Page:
Hitting the ground running: The first 100 days
Hitting the ground running: The first 100 days

Autumn Statement - five takeaways

Words by:
Senior Partner and Head of Financial and Professional Services
November 22, 2023

Fiscal events are always highly political, and you may be forgiven for thinking we are entering a General Election year – with measures to freeze all alcohol duty until 1st August 2024, a cut in employee National Insurance by 2%, and the government reconfirming its commitment to the triple lock resulting in a rise in the state pension by 8.5% in April 2024.

There will be lots in today’s speech that is welcomed by business – only 110 measures to work through – especially measures ranging from investment in skills and advanced manufacturing, making ‘full expensing’ tax investment relief permanent, and speeding up local authority approvals for infrastructure projects and business planning applications.

For financial and professional services, I have five key takeaways: 

  1. Investment: Both the Government and Opposition continue to vie for the ascendency in who can unlock and promote investment into UK infrastructure and fast-growing science technology businesses. On the back of Labour launching its National Infrastructure Council, as trailed, the Chancellor announced measures to take forward the Mansion House Reforms by committing £250 million to two successful bidders in the Long-term Investment for Technology and Science (LIFTS) initiative, and the intention for the British Business Bank to establish a new Growth Fund. The government will also legislate to implement long awaited Solvency II reforms, and published Lord Harrington’s Review of Foreign Direct Investment, accepting all recommendations. Both political parties see investment as central to their political visions for UK growth. It will continue to be a key political background between the two main political parties.
  1. Pensions: Pensions reform continues at a pace, and has the potential to be transformational. Again linked to investment, the government guidance for the Local Government Pension Scheme (LGPS) in England and Wales will be revised to implement a 10% allocation for investments in private equity, and it will consult on how the Pension Protection Fund (PPF) can act as a consolidator to increase opportunities for defined benefit schemes to invest in productive finance. On the retail side, the government’s consultation on a ‘lifetime provider model’ to solve the long-standing problem of small pots, although potentially causing a massive headache for employers, is likely to lead to better outcomes for pension savings. It will also lead to welcome innovation in the sector!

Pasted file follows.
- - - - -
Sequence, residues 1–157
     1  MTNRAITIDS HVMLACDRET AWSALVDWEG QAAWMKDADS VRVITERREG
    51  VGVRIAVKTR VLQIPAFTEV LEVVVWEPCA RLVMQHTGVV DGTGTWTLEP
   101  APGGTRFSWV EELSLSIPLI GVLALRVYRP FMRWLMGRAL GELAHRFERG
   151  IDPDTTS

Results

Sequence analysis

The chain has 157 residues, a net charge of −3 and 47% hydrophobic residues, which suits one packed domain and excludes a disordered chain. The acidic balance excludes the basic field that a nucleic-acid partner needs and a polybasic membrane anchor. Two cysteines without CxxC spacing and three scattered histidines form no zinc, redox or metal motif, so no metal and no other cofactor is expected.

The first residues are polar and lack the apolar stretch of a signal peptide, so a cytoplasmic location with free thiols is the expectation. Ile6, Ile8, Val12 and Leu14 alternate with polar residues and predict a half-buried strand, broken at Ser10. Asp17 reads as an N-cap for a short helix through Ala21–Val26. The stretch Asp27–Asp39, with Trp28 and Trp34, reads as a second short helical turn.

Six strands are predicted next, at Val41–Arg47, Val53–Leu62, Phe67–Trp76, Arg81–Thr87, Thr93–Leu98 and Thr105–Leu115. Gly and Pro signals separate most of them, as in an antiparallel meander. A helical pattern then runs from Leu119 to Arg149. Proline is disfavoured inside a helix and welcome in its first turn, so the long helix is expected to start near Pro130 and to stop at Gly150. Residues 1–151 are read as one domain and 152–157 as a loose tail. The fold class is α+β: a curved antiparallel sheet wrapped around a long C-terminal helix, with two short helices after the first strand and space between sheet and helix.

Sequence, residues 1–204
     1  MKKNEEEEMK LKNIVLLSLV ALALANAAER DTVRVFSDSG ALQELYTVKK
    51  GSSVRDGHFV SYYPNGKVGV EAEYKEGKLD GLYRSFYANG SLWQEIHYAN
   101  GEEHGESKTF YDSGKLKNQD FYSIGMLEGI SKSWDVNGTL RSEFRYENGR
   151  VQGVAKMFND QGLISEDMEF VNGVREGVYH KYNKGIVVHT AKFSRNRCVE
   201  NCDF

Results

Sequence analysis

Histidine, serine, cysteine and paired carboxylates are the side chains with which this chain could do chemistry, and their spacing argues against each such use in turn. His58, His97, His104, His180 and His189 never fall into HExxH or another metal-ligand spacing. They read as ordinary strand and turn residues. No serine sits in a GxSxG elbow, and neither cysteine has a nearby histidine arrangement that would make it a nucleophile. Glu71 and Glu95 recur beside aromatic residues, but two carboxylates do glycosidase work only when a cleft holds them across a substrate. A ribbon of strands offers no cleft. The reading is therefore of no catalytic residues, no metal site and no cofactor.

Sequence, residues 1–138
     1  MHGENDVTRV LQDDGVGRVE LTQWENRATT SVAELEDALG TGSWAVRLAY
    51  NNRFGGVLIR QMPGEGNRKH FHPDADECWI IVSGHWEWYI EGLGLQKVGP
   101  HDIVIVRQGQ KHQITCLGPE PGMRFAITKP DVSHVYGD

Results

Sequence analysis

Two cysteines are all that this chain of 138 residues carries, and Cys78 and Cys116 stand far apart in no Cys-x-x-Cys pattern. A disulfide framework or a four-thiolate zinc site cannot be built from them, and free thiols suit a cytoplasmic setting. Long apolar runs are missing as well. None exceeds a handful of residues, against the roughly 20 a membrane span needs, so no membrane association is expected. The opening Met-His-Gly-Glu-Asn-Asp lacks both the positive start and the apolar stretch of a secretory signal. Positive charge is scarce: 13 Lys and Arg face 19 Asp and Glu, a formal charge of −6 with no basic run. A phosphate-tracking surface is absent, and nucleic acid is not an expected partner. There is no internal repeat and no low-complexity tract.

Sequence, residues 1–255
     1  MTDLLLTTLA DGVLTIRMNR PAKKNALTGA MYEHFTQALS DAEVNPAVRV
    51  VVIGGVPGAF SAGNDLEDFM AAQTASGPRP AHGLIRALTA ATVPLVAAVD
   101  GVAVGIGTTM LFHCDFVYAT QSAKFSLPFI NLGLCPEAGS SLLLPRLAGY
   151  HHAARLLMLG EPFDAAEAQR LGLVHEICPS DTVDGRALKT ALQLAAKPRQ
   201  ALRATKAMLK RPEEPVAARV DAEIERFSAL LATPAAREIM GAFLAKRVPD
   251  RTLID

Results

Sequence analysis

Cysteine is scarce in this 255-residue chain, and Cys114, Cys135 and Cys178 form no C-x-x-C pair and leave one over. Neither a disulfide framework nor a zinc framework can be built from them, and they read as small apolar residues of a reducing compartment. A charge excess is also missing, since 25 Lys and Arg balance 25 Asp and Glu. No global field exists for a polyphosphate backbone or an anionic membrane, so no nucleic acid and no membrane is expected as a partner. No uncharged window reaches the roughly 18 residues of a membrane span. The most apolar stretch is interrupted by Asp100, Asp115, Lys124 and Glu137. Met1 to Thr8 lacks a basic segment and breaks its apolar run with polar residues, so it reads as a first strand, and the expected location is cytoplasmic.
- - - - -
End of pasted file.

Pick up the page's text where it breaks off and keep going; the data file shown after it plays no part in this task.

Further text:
1. The Future of Payments: On the back of the review, also published today, the government will develop a National Payments Vision and Strategy – published next year – to simplify the landscape and bring together strands of concurrent work currently being run out of the Payments Systems Regulator (PSR) and the Financial Conduct Authority (FCA). With regulatory oversight of payments a key topic of discussion at party conferences this year, this is clearly an opportunity to shape the future framework. It is also a recognition that the current dispersion of oversight doesn’t lend itself to a level playing field between established players and market entrants.
  1. Economic Regulation: The government continues its focus on ensuring regulators take into consideration growth and innovation. Following the secondary objectives for competitiveness and growth placed on the Prudential Regulation Authority (PRA) and the FCA through the Financial Services Markets Act, the government will consult on measures to strengthen regulators’ ‘Growth Duty’. In addition to bringing the three economic regulators (Ofgem, Ofwat and Ofcom) into the scope of the Growth Duty, the government is also carrying out a broader refresh of the statutory guidance, encouraging all regulators to input. And in the fintech sector HM Treasury has the ambition to ‘reduce their [regulatory] requirements on the industry’ by 10% in 2024.
  1. Statutory Instruments: With the Financial Services and Markets Act in place and no significant primary financial services legislation announced in the King’s Speech, the government continues to use secondary legislation, as the vehicle to enact further reforms across the sector. The Autumn Statement supplementary information confirmed that reforms to Solvency II, EU Packaged Retail, and Insurance-based Investment Products (PRIIPs) Regulation, and short selling regulation will be made through statutory instruments.

So, lots to be getting on with across an already packed agenda for financial and professional services.

And one political observation, pointed out to me by a colleague at WA Communications, while we waded through the avalanche of announcements and consultations following the Chancellor’s speech:

The fact that the cut in Employee National Insurance from 12% to 10% that impacts 27 million people is being introduced through emergency legislation from the 6th January 2024, rather than at the start of the tax year on 6th April points towards a May General Election. Maybe it doesn’t, but I will throw it into the mix for debate!

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